“When you’re talking about people taking GED and ESL classes, even though they’re nontraditional students, we assume that a lot of these students are going to continue to go into college for an associate degree, a certificate or to learn some sort of trade skill,” Lopez said. “So again, even though they’re nontraditional students, we want to give them a feeling of what a traditional college experience feels like. ‘This is what college looks like. You’ll be expected to do work outside of class.’”

For a campus that serves about 5,500 students, the new library is small. Located in an old classroom, it is 500 square feet and has four tables, about 400 books and 20 laptops to check out. It has significant ties to the college’s main library; students can access digital offerings online and books via a sharing program….read entire article here.

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Several articles found at this ARL, CNI and SPARC Test Site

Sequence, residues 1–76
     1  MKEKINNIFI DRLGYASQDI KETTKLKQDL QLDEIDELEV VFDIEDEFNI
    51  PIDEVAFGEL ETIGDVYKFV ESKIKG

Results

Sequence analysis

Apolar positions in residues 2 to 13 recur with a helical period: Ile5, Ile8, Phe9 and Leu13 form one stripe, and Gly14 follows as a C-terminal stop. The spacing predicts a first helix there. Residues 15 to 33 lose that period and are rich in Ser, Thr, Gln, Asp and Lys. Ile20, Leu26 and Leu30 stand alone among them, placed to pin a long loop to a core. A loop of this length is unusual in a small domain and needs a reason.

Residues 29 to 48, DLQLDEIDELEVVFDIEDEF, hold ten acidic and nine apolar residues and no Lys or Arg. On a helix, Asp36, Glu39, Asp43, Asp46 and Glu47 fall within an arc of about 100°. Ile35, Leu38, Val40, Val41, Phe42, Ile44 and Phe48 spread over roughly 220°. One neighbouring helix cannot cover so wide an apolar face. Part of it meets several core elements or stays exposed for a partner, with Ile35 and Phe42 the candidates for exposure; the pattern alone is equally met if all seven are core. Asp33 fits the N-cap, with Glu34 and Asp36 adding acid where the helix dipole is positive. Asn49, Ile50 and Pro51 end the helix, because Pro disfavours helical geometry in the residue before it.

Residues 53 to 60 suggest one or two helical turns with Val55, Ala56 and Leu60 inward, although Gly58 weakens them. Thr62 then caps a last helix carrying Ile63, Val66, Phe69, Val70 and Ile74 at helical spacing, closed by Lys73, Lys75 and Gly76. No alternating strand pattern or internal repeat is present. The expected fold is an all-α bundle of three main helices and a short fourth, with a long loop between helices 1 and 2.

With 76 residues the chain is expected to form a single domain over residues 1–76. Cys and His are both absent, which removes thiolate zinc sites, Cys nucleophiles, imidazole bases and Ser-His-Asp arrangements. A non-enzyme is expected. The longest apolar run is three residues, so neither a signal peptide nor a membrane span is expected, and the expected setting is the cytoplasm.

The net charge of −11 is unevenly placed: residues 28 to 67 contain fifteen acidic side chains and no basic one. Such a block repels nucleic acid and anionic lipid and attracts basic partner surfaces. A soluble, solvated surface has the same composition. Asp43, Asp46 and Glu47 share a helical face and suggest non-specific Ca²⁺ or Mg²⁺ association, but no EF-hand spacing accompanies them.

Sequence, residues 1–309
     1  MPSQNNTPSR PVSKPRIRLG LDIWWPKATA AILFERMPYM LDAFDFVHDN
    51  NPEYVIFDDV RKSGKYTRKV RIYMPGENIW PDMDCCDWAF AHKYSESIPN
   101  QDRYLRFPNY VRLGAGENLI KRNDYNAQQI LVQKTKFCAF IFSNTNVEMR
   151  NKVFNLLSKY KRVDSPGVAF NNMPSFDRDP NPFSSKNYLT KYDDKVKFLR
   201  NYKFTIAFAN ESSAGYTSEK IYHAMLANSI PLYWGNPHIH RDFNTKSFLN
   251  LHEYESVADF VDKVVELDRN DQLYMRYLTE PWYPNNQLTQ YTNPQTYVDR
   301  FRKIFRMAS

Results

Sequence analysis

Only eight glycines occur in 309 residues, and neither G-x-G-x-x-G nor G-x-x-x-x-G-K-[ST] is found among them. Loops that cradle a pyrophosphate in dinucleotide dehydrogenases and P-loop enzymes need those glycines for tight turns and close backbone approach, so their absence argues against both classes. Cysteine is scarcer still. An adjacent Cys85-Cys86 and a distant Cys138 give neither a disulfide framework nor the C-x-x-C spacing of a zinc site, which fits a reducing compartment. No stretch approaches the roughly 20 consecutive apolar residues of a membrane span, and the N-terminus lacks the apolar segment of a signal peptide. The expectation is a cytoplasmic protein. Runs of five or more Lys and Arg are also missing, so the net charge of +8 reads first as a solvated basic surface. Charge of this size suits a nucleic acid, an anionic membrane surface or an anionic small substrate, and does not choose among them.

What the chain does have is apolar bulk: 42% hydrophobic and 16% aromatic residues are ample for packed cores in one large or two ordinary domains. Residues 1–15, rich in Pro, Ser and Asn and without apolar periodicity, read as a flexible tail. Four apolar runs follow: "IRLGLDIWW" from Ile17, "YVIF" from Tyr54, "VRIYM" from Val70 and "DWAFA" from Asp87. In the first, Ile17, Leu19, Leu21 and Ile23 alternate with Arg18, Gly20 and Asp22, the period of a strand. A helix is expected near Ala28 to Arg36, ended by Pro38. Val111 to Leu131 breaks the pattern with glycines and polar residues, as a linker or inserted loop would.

Posted by Editor on September 23, 2010

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Libraries fight for improvements

Posted by Editor on September 15, 2010

By Rob Capriccioso, in Indian Country Today

Story Published: Sep 15, 2010, Story Updated: Sep 10, 2010

WASHINGTON – Like a lot of libraries nationwide, tribal libraries are struggling. Books are lacking, roofs are leaking, and the Internet is broken. Indian students this back-to-school season tend to be suffering most, while tribal educators continue to spread the word on the need for improvements.

The importance of tribal libraries to the cultural and educational fabrics of tribal nations cannot be overstated, according to tribal educators. Beyond their primary role as centers for information, tribal libraries often have missions to strengthen cultural identity and Native language revitalization, promote intergenerational activities, and serve as research centers for tribal citizens.

Despite the critical community roles they play, a report published this year in the Library Student Journal found that dilemmas facing tribal libraries are numerous and daunting. The report noted that it is often difficult for tribes and tribal colleges to retain quality staff at some facilities due partially to recruiting shortfalls facing remote reservation areas.